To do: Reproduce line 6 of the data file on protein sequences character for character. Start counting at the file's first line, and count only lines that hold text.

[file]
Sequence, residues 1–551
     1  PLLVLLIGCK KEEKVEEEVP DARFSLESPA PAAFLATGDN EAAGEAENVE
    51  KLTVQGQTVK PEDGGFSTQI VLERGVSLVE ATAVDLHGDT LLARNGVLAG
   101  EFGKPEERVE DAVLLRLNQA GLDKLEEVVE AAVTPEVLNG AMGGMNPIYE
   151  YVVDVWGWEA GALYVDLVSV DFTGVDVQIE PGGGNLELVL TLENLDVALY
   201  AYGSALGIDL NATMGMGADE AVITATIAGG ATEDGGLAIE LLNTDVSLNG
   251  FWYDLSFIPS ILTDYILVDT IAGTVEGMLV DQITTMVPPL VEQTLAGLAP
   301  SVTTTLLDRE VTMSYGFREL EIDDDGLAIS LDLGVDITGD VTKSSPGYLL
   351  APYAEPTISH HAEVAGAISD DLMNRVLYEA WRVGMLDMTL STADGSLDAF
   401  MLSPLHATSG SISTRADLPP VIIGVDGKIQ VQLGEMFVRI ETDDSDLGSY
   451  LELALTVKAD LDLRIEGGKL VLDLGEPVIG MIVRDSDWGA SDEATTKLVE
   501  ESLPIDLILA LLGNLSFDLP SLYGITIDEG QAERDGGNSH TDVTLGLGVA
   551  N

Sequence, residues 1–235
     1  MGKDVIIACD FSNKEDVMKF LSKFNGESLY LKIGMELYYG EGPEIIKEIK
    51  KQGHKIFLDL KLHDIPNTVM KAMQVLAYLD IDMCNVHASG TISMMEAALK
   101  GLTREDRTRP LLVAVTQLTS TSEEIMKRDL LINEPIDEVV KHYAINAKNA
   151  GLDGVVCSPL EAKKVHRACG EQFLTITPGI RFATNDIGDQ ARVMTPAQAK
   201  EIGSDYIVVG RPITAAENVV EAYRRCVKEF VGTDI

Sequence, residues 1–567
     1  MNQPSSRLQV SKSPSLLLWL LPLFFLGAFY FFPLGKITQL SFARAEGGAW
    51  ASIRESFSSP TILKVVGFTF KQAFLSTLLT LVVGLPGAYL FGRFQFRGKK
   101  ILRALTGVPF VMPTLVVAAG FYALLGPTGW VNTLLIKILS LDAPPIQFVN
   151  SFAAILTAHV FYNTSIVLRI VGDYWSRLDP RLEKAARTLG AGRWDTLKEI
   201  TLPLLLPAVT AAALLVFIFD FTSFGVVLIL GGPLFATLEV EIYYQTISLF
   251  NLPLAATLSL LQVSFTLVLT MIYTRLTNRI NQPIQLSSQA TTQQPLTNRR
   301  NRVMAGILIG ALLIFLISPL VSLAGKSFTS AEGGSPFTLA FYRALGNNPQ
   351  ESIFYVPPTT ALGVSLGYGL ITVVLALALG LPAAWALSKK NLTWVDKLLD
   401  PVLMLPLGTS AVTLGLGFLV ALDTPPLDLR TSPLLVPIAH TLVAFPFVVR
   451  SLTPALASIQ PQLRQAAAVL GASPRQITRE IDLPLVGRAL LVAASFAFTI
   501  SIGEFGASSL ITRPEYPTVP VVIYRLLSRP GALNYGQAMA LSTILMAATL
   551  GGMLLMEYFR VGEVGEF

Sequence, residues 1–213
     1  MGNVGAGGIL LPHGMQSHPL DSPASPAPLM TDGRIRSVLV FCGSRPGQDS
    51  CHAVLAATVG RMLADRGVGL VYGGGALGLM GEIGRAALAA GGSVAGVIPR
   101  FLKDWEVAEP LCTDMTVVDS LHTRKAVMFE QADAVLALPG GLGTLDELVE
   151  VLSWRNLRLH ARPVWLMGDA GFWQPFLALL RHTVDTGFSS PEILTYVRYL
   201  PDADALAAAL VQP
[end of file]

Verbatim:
   201  AYGSALGIDL NATMGMGADE AVITATIAGG ATEDGGLAIE LLNTDVSLNG